Are You More Likely To Go Into Labor When Mercury Is In Retrograde?

Sometimes, when it feels like I’m living through a series of glitches in life, my mother tells me it’s because Mercury is in retrograde. It is a common belief that three to four times a year, this phenomenon can cause certain things in one’s life to go haywire. So if you are nearing your due date, you may want to know how it will affect you. Are you more likely to go into labor when Mercury is in retrograde, or is there no connection at all?

Scientifically speaking, there is no proof that women are more likely to go into labor during this time of the year versus any other time. In fact, for normal pregnancies, there is no known cause of labor, other than it happens when your body is ready. OB-GYN Mary O’Toole from Saddleback Memorial Medical Center in Laguna Hills, California tells Romper that there’s no way to really know when you’ll go into labor. “We do not acutely know what causes labor to start," she says, so attributing the start of labor to Mercury retrograde is not a definitive measure.

So why do people think Mercury retrograde can affect when you go into labor? To understand this, it is first important to know what Mercury retrograde actually is, physically and astrologically speaking. According to NASA’s StarChild website, the physical aspect is when the planet Mercury aligns with the Earth in a position where it seems like it is retrograding instead of its usual prograding. It’s all about relative positioning, the website explained, and it’s called retrograde based on the apparent movement versus its actual movement. For example, if you are in a parked car, and the car next to you starts backing up slowly, it may look like to you that you are moving forward. Similarly, when Mercury passes Earth’s orbit, it lines up in a way where it looks like it is moving backwards, even though it isn’t.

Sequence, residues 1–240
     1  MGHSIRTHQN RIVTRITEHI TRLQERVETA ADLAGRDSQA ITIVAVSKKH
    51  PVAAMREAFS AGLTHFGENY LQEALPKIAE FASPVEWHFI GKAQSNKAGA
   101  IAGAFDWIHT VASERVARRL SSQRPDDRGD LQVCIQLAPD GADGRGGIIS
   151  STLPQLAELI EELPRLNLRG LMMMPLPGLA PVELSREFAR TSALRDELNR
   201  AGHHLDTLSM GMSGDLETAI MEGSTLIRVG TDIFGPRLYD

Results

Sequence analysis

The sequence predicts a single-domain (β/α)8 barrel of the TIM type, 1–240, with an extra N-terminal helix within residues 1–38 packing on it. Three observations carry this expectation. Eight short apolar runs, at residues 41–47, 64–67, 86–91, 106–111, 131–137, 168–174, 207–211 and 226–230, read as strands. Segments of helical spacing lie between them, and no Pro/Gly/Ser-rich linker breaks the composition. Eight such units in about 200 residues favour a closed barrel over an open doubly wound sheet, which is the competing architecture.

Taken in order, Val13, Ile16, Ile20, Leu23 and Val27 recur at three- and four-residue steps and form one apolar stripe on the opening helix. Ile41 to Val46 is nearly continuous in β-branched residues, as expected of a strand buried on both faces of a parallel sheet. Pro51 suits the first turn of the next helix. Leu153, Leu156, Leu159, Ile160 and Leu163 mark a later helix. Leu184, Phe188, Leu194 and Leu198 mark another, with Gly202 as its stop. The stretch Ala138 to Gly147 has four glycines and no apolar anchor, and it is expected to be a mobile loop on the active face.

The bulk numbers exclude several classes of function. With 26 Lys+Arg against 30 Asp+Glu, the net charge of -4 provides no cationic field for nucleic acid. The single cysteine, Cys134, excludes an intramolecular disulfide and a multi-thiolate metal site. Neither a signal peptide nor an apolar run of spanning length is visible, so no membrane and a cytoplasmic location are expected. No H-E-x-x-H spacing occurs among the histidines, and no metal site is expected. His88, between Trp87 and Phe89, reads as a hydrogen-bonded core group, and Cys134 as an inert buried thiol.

In astrology, explained AstroStyle, communication, technology, and travel are ruled by Mercury, so when it is in retrograde, it causes disruptions in these aspects of your life. So if you believe in astrological lore, you may attribute delayed flights, missed calls, or misunderstanding to Mercury being in retrograde. You may take it further and assume that it will throw your due date off track or cause you to go into labor sooner than expected, but considering labor doesn’t fall under communication, travel, or tech, that may not be the case.

Medically, experts haven’t yet definitively explained what actually causes you to go into labor. According to Fit Pregnancy, a study in the journal PLOS One found that when telomeres (part of your DNA that affect how cells age) shows up in the amniotic fluid, they can send a signal to your baby that it’s time to be born. The article explained that this study reinforced the theory that labor is initiated by the baby, but what causes these telomeres to send the signals when they do is still not exactly known.

If you have a normal, uncomplicated pregnancy, What To Expect noted that your baby should be born anywhere between 39 and 41 weeks after the first day of your last period. So if you have a healthy baby, and are in the last stretch of your pregnancy, you could go into labor at anytime, regardless of the planet’s orbital alignment.

Although, if you believe in retrograde Mercury’s disruptions, you may want to be extra prepared for glitches in your travel to the hospital, complications with communicating, and technological problems, like a broken phone or a glitchy GPS. Just know that your baby will come when it’s ready, and soon you’ll have plenty of retrograde sleep to show for it.

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